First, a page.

f you think a sick child is a handful, how about a 300 kg sow with a fever? From lost production to treatment expenses, pig health problems can be hazardous to your financial health. Fortunately, when a problem persists in the pork industry these days, the solution might be found in your favorite pair of genes.
Though some work has been done targeting specific pathogens, a more well-rounded focus for genetic research is how to make pigs more resilient to disease in general.
A prime example is the recent project led by PigGen Canada, with participation from Hypor, aimed at devising tools to select for more resilient pigs. Animals were taken from high health herds and placed in disease-challenged environments to distinguish pigs that reacted well to the challenge from those that became sick or died. Researchers looked at which genetic markers differed between those two classes of pigs to determine how best to select for resilience in the next generation.
Ready for anything
This approach represents the present and future of genetic breeding for pig health. If companies select for resistance to a certain disease because it’s currently a threat, what happens with other pathogens or the next “big disease” that’s on the horizon? Instead, the quest is for immunocompetent animals who are better equipped to react to anything; this is the concept of disease resilience. Pigs may be bred in one environment, but they are shipped around the world and need the best chance to withstand the challenges that await them.
Of course, genetics are never simple. One complexity that arises with breeding for health and other traits is that while pigs are purebred on the nucleus farm, the final product at a commercial farm is a crossbred. Consequently, the genetic potential of an individual (boar) producing purebred progeny in a nucleus environment is not necessarily comparable to the result when that same boar is used to produce crossbred progeny.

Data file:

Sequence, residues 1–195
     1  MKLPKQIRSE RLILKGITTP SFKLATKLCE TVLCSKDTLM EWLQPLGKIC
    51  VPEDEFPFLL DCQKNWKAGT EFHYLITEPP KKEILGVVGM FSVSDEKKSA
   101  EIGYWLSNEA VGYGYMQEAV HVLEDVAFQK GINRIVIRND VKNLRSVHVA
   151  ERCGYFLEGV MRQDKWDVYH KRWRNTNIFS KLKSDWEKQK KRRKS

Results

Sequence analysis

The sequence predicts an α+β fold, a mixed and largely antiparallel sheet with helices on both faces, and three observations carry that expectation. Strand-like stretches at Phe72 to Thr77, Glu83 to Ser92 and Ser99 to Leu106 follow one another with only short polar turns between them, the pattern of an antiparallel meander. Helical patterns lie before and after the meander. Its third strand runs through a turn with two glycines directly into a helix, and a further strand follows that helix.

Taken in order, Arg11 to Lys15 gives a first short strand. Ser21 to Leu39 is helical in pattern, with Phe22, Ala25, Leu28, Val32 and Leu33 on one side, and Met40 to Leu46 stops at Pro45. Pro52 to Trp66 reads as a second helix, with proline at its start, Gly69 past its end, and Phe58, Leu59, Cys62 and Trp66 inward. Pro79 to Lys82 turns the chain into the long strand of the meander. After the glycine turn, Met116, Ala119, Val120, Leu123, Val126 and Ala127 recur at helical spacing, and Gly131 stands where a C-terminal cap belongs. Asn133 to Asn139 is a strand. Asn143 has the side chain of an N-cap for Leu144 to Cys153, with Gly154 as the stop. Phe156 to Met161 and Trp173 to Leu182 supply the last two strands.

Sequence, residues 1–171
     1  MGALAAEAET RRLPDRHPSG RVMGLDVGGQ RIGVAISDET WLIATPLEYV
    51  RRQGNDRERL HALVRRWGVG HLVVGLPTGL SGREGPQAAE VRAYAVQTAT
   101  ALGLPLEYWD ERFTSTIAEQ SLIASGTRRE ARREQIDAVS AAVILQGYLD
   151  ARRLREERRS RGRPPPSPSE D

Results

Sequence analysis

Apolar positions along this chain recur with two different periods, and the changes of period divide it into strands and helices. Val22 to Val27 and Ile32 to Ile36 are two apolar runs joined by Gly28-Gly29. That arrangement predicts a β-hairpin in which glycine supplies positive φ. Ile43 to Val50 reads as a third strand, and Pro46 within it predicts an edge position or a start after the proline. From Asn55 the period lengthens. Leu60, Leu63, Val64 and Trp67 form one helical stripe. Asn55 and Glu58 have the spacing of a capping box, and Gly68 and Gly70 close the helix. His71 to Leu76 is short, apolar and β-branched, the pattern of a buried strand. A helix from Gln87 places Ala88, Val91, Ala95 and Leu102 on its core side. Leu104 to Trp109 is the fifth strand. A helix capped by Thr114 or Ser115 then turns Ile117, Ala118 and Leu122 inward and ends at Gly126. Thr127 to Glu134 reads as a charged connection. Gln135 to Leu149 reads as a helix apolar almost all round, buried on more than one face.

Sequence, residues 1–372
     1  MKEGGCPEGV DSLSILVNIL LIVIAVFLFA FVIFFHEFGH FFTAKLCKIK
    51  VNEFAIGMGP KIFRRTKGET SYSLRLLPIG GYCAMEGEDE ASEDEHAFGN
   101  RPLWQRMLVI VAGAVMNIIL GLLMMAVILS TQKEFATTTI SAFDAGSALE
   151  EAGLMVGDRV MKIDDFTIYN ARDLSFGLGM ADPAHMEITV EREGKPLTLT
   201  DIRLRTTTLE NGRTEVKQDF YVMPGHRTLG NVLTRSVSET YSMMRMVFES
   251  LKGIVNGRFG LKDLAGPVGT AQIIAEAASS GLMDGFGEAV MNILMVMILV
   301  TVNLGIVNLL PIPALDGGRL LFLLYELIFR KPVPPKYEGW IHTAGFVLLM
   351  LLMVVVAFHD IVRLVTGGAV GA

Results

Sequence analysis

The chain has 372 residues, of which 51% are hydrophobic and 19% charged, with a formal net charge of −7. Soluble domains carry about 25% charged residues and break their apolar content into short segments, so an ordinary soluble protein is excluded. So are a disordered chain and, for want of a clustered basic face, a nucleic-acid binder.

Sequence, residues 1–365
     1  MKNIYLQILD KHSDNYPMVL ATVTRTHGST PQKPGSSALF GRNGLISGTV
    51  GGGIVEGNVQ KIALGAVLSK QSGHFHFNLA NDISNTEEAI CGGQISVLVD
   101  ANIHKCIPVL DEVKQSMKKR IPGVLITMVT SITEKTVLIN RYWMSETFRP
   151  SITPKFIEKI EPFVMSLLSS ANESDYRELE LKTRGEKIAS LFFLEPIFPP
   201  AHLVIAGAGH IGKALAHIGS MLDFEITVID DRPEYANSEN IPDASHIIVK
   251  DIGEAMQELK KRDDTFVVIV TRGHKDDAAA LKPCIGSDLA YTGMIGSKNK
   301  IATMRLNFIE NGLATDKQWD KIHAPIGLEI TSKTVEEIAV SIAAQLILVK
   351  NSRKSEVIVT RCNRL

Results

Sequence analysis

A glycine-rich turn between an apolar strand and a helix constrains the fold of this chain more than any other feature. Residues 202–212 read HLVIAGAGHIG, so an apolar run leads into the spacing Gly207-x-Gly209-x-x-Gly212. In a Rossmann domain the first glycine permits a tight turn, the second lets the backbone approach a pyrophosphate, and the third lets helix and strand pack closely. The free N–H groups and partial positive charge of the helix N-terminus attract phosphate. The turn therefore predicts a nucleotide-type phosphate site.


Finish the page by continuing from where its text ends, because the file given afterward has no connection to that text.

In response to this challenge, Hypor uses the concept of Combined Crossbred and Purebred Selection (CCPS). The intent is to collect data on both purebred and crossbred progeny of a sire and use that information to estimate his genetic potential. From a disease standpoint, this also provides information on how crossbred progeny are dealing with challenging situations on commercial farms, such as health issues.
Less is more
Just as disease has become a major concern for the pork industry, the impact of antibiotics used to treat disease is also receiving attention. Regulations are already in place which do not allow antibiotic residues in meat, through the use of withdrawal times before slaughter. Global efforts are also underway to minimize the development and spread of antimicrobial resistance in humans and animals.
In keeping with that effort, companies like Hypor have adopted “minimal use” protocols at their nucleus farms. Facilities are not antibiotic-free, but antibiotics are used as little as possible, treating pigs only when necessary for their health or comfort and never including antibiotics in feed. The underlying goal is to raise animals that possess a natural ability to fight disease rather than relying on assistance from antibiotics.
Hypor is also talking with clients who employ antibiotic-free production to identify which boars and families do well in such a system.
As with many aspects of livestock and crop production, genetics is the ultimate game changer, altering what we do, how quickly we do it and how far we can go. If “winning the game” means healthier animals, happier consumers and an industry that’s built to last, it’s best to have genetics on your team.